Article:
I specialize in Travel Photography, which means being a proficient landscape photographer as well being able to photograph cityscapes, architecture, and people on the street. I went to Cuba specifically to focus on improving my street photography.
In this article, I’ll talk a bit about how to improve your street photography, specifically focusing on composition, using photos from my Cuba trip.
Watch the video version of this post at https://youtu.be/xnPBbvWRWbg
If traveling to a place for the first time, it’s easy to get overwhelmed by the experience. We often take wide-angle photographs that have no strong subject in attempt to trying to take it all in – in one frame. Go ahead and take a few of these establishing shots to document your experience, but these may not be your best photographs.
In person, experiences don’t necessarily transfer onto film. We’ve all seen photographs of sunsets that are just clouds and sky. The photographer may have had an amazing experience photographing the sunset, but the experience doesn’t automatically transfer to the viewer of the photograph. The trick with Travel Photography is to translate the experience onto film.
Finding a Subject
On the street, people are obvious subjects, but they aren’t the only subjects available. Buildings, public art, and modes of transportation work as well.
When snapping a photograph, ask yourself a couple of questions:
- “What am I taking a picture of?”
The answer to this question can be broad – “The hustle and bustle of a city street.”
But if you follow up this question with another:
- “What do I want my viewer to look at first?”
The answer to this question will focus your attention on the scene a bit more directly.
This is your main subject.
I wanted to take a photograph showing the hustle and bustle of a typical street in Old Havana.
I waited for a classic car to drive down the road – classic old cars is something that makes Cuba special and they’re everywhere – so I didn’t have to wait long!
The green car is my main subject and the people and architecture of this narrow street in Old Havana provide the backdrop to the car, giving it a sense of place, but also the feeling of activity.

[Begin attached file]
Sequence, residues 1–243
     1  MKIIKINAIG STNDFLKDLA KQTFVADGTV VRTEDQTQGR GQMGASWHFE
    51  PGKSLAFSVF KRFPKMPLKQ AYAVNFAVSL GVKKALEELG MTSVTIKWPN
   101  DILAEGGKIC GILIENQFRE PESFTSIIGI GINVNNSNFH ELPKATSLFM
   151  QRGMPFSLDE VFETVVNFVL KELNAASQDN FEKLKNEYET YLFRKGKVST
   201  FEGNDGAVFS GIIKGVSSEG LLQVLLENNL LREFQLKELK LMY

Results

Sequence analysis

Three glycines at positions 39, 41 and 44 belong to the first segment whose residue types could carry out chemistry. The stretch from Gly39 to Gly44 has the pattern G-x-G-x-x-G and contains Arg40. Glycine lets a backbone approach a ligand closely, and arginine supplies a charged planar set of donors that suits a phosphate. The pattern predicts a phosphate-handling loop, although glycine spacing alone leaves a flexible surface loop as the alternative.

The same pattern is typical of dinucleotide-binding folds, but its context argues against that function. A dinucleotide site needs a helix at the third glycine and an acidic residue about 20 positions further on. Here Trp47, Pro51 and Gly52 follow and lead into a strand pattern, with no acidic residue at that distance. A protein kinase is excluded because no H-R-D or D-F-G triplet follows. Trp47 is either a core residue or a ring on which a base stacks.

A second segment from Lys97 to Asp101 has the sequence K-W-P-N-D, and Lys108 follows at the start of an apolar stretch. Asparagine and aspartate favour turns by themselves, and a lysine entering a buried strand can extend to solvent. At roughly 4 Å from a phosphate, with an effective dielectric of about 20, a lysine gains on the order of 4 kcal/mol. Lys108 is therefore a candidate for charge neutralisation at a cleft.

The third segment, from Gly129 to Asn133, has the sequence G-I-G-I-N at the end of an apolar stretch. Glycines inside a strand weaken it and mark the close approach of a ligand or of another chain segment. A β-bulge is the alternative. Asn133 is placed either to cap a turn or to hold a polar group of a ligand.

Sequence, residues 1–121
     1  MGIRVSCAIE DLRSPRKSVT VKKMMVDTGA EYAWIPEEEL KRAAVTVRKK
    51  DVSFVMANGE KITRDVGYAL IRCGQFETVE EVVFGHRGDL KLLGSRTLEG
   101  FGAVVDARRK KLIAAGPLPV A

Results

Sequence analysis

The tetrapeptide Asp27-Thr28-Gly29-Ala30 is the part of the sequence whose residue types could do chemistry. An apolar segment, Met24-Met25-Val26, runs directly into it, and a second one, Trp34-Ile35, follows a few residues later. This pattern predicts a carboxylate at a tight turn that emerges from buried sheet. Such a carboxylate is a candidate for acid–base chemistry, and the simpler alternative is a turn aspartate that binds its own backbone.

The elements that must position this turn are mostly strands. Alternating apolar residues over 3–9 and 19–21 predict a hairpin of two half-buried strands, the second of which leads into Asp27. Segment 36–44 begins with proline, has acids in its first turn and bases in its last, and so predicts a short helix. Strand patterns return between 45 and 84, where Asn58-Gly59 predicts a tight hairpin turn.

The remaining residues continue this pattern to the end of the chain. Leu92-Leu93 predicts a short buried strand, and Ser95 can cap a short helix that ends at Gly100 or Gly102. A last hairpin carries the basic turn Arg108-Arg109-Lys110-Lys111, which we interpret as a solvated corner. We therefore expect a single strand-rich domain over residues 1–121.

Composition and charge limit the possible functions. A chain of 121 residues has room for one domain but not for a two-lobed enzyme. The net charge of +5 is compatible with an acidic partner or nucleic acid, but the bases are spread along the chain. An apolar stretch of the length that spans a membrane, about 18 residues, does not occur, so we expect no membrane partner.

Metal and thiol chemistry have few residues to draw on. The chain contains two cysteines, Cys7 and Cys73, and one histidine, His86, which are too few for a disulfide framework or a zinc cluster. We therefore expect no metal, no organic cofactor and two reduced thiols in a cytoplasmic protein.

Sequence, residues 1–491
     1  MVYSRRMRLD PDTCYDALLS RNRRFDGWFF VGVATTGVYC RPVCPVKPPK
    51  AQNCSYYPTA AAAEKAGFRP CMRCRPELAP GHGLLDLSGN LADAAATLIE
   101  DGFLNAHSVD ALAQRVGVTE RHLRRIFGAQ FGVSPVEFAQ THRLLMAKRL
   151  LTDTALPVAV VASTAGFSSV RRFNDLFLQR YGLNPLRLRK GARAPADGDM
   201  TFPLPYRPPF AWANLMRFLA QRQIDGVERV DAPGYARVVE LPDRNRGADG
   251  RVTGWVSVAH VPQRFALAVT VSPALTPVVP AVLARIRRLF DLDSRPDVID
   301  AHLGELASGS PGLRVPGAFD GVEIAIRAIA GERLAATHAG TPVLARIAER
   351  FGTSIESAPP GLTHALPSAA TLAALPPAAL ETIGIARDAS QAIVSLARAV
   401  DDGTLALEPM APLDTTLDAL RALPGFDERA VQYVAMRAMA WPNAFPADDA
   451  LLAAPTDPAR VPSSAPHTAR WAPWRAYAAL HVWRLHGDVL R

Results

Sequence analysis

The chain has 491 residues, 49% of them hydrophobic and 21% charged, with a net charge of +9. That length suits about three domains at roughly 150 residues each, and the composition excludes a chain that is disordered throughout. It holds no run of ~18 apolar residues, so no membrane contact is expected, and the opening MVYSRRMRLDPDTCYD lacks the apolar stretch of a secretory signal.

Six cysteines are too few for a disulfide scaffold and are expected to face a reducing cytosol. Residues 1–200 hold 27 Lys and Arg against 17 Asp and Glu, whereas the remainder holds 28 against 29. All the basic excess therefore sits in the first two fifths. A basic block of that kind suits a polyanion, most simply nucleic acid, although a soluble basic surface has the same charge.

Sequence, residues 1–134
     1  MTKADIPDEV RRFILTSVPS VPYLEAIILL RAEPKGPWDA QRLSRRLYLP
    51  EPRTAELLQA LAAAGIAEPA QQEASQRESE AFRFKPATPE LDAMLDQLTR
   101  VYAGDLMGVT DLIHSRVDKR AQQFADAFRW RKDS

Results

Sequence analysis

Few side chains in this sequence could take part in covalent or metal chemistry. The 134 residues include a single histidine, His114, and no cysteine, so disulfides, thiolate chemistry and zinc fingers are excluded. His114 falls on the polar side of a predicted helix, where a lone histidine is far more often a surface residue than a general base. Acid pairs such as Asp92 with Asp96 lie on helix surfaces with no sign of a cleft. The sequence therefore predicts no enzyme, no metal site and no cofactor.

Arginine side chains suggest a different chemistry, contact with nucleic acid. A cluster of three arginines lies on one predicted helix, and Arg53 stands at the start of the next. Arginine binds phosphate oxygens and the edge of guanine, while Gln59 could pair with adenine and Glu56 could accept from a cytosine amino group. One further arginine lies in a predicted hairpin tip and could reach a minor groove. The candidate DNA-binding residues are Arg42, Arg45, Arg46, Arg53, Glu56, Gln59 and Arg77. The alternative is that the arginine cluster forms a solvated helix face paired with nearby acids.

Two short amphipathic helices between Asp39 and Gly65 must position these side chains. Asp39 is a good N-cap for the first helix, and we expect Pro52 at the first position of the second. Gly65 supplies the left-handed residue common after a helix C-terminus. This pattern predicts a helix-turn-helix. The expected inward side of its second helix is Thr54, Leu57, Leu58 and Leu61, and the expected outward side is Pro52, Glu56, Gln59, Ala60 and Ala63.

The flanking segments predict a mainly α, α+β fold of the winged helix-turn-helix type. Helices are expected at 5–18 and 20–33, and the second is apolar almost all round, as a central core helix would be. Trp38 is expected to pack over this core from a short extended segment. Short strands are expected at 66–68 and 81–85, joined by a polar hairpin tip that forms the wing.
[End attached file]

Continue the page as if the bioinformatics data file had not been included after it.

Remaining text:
I want my viewer to look at the green car first and take in the background. Notice that the aperture I used creates a slightly unfocused background, emphasizing the car and deemphasizing the background.
Answering a third question will add levels of complexity to your photograph:
- “What do I want my viewer to look atsecond?” or slightly rephrased “Where do I want my viewer’s eyes to move within the photograph?”
In this photograph, the green car is the main subject and I expect my viewer to look at this first, but the green of the car is imitated in the green of the street vendor’s plants. I expect my viewer’s eyes will move to the plants next and then to the vendor himself.
The car, not the street vendor, is the subject of this photograph. He’s actually relatively small in the frame and not even looking at me, but he’s in focus and his face is not covered by the foliage – like the other guy (did you even see him behind the big plant?) Further, he’s placed in a clean space created by an open doorway so he stands out against the background.
The viewer’s eyes go from the car to the plants to the street vendor.
Street scenes develop and dissipate quickly, so it’s not always possible to create multiple layers into one photograph, but start with a main subject and be on the look-out for colors, shapes or patterns that might add further interest.
Find a different angle
Especially when traveling to a popular destination with lots of tourists, there will be favorite places to take photographs where everyone with their cell phones are clustered. By all means, take that iconic photograph to document your travels, but it’s likely your photograph will look like a thousand other photographs.
I have the classic photograph of the Italian town of Manorola. I like this photograph a lot, but every so often a friend will be certain that someone has stolen my photograph for use in an advertisement of some sort – no it’s just that we all have the same shot from the same viewpoint.
Traveling is a personal experience and the photographs from your travels should also be personal.
Part of finding your own travel story is getting off the beaten tourist track. Look at the crowd of tourists and then move in another direction.
This photograph is taken along the Malecón, the street in Havana alongside the sea wall protecting the city. The Malecón is a popular gathering place and the road is about 10 lanes of busy traffic (though not so much at dawn when this photo was taken).
I took quite a few photos standing by the sea wall, but then moved to set up my tripod on the traffic island in the center of the road. This takes some courage when there’s a lot of traffic, but it is a protected space so it’s generally safe. This gave me a different angle on the road and a leading line into the capitol building in the background.
When looking for a different angle, move slowly and look – really look. Move left and right – then move up and down (yes — even on the ground if necessary!)